While viewing a file, you can tap the Share option to open it in any app that supports that file type or perform other actions. For example, you could attach it to a message or email from here. You can also use the Share sheet to wirelessly share a file to another device via AirDrop.
You’ll see a “Save to Files” option in the share sheet throughout the system, which allows you to quickly save a file to your Files app. Tap it and you can choose where you want to save the file.
The other parts of the app are fairly self-explanatory. You can tap the Recents tab to quickly access recently used files or tap “Recently Deleted” under Locations to view files you’ve recently deleted. You can tag files with different colors or mark them as favorites so they’ll be more quickly accessible under the Browse view.
Drag and Drop on the iPad
The Files app works nicely with the new system-wide drag and drop feature on iPads. On an iPhone, you can only drag and drop files inside the Files app itself. On an iPad, you can drag files out of the Files app into other apps, or drag files from other apps into the Files app.
On an iPad, you can long-press a file in the Files app and drag it to another app to move the file around. For example, you could drag and drop a file from the Files app to a message in the Mail app to attach it to an email. You can drag and drop between the Files app and another app in Split View or Slide Over mode if you have multiple apps on screen at once.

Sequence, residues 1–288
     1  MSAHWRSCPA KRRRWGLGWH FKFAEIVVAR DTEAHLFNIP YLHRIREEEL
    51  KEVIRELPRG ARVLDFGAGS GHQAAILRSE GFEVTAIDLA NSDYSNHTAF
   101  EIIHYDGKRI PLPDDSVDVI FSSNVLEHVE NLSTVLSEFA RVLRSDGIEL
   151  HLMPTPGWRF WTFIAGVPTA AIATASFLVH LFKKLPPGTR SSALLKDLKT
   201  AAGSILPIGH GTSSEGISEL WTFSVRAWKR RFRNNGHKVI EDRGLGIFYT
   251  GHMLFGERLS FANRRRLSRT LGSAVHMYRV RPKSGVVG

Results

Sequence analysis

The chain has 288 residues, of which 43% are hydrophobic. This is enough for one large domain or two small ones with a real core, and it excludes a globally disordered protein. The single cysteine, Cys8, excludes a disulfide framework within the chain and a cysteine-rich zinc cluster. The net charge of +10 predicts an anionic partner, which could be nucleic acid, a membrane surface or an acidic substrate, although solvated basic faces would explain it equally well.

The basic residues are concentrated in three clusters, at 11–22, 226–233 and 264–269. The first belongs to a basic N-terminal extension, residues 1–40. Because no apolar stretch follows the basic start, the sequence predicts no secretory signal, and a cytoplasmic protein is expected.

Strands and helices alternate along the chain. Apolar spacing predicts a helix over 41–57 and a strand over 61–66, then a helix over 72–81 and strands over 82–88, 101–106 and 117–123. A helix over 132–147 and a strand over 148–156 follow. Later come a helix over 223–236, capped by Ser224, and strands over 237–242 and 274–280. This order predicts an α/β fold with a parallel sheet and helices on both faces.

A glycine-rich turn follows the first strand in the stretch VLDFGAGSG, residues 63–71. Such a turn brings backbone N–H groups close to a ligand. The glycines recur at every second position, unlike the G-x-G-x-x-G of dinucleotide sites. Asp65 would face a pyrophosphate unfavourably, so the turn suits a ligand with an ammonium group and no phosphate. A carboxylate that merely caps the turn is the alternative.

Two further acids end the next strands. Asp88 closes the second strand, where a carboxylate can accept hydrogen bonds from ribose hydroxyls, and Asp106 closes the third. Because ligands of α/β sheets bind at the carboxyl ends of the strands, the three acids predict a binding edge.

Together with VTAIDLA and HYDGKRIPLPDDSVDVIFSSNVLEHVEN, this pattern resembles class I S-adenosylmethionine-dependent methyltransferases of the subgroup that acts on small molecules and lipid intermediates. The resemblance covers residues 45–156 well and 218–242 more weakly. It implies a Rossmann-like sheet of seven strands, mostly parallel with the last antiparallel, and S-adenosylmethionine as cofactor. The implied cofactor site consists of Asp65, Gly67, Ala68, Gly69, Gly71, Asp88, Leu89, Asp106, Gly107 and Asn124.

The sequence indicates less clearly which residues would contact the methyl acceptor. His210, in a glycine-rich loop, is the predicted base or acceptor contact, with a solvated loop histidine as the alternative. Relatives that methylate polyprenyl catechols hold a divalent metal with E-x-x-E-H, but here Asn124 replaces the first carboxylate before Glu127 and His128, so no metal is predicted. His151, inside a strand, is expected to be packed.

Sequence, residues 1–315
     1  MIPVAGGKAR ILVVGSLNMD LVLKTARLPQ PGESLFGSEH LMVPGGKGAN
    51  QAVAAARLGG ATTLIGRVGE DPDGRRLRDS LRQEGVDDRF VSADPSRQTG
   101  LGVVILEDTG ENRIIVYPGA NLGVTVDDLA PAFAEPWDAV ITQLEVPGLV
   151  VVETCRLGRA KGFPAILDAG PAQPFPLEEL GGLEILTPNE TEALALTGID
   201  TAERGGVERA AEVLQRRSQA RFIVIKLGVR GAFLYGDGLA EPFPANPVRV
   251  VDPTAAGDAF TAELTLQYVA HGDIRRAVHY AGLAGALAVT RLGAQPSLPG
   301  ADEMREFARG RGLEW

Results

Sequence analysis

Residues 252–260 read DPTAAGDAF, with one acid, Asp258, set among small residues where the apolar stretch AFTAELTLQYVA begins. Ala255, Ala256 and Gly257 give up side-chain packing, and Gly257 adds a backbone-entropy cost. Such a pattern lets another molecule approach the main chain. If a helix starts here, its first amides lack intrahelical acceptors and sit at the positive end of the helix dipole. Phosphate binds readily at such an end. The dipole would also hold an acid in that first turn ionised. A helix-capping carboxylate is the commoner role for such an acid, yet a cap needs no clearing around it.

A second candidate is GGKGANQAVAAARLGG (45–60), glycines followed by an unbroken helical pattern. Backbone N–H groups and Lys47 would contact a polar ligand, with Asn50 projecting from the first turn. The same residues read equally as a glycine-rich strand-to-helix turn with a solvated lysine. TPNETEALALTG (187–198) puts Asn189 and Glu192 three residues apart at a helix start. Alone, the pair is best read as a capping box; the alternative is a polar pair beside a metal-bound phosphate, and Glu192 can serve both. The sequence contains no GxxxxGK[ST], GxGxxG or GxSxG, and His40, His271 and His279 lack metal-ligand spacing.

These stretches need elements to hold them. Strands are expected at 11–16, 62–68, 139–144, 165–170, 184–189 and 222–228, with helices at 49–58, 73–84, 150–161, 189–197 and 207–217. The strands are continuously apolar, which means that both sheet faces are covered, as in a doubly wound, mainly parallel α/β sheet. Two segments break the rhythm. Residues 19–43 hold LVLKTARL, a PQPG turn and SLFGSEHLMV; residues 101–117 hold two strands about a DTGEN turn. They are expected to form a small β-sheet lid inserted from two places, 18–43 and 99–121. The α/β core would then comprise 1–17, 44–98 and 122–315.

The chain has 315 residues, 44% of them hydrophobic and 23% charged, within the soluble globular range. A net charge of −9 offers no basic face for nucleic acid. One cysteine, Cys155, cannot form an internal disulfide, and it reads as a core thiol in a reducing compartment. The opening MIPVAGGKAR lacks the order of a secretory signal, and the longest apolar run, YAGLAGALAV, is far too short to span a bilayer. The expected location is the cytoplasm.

You can also start dragging a file in the Files app, pull up the new dock from the bottom of the screen, hover over another app’s dock icon to switch to that app, and then drop the file where you like in the app.
Drag and drop works starting from other applications too, allowing you to drag content from other apps and save it as a file in thee Files app. There’s nothing really special about the Files app here—iOS 11 just allows apps to communicate via drag and drop, and Files is one of them. Some apps may need to be updated to properly support drag and drop.
The Files app itself shows more content on the iPad’s larger display, of course. This allows you to more easily drag and drop files inside teh app itself. You could drag and drop a file to another service to move it, to the Recently Deleted location to delete it, or to a tag to tag it. You can select multiple files before dragging and dropping them, too.
Files also offers a variety of keyboard shortcuts you can use if you have a physical keyboard connected to your iPad. Tap the Cmd key on your keyboard to view a list of keyboard shortcuts you can use.
Android users may not be impressed, as Apple’s iOS still doesn’t provide the same deep access to the local file system available on Android devices (or desktop and laptop computers). But that’s the point. Rather than just exposing the local file system, Apple is still encouraging users to store their data in the cloud instead of on the iPhone or iPad where it could be lost if the device is misplaced or wiped.
The Files app isn’t about giving the iPhone and iPad a local file system. It’s about making it easier for people to work with files and move them between apps, especially on the iPad.